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Pop Ambient 2014

Let’s be honest: 2013 was peppered with grotesque cover art. One might hope, therefore, that this year’s music would be served in more forgiving sleeves. Alas.

Despite being packaged in a lurid floral atrocity, the fourteenth instalment of Pop Ambient bears some serious aural fruit (mostly composed by slick middle aged males). It endeavours to sit “between the poles of habitual listening and sonic curiosity”; this isn’t music for airports, elevators or meaningless shopping centre soundtracks. Rather, Kompakt have commissioned a series of beatless experiments as an opportunity to explore new sounds, new opportunities to pique interest.

Sandwiching the compilation is Ulf Lohmann, described by Kompakt as the “god of pads”. Whether or not he lives up to the unrealistically bold claim, Lohmann and his chiselled features have composed some mesmerising stuff. It’s definitely a cliché to describe how good a beatless ambient piece is through its ability to be slotted into a film soundtrack, but “Sicht” and “PCC” could easily accompany climactic scenes where epiphanies are made and romances blossom and credits hit the screen and everyone applauds with tears streaming down their faces.

Elsewhere, minimal techno deity Wolfgang Voigt shows up in his “Gas” and “Wolfgang Voigt” pseudonyms to deliver two contrasting pieces. “Ruckverzauberung 8” is flooded with deep noises as vaguely threatening harmonies play out on top, whilst his remix of The Field’s Cupid’s Head oscillates between blissed-out chords and a friendly white noise choir. Voigt often pitches up with a new take on extreme dystopia, and it’s refreshing to hear him apply a lightness of touch to his palette.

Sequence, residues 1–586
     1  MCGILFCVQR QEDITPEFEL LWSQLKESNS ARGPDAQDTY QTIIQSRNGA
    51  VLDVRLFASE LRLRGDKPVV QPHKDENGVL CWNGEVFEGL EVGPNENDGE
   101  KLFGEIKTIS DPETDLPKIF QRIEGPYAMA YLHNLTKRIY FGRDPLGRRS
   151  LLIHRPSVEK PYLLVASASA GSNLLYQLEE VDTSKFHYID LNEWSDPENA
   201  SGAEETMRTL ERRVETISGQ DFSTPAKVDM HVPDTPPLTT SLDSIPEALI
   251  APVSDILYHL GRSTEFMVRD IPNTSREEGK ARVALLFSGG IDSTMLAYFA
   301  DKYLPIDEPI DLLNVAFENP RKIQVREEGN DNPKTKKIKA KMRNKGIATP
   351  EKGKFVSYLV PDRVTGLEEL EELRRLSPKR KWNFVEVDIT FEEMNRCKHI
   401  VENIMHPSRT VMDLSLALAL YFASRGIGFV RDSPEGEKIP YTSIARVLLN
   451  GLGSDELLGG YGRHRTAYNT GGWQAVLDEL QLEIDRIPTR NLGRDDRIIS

Things unfortunately get a bit baggier in other places. There are a number of misguided efforts to blend acoustic guitars into the mix (Mikkel Metal, The Bionaut), which sounds painfully dated, and Marsen Jules plays too much with irritating metal noises. But thankfully it’s somewhat balanced against the euphoric vocal loops of Simon Scott and Thomas Fehlmann’s piano delays, which caress delicately across the stereo field.

Pop Ambient is somewhat of a Kompakt institution nowadays, a chance for some of the roster to stretch out and flex new tones from old synthesisers. Indulging these tendencies teases out wide-eyed beauty in some, and cumbersome fodder in others – such is the nature of experimentation. If you’re prepared to endure the painful petals and to suffer the odd earnest strum, there is plenty of refined elegance to be found.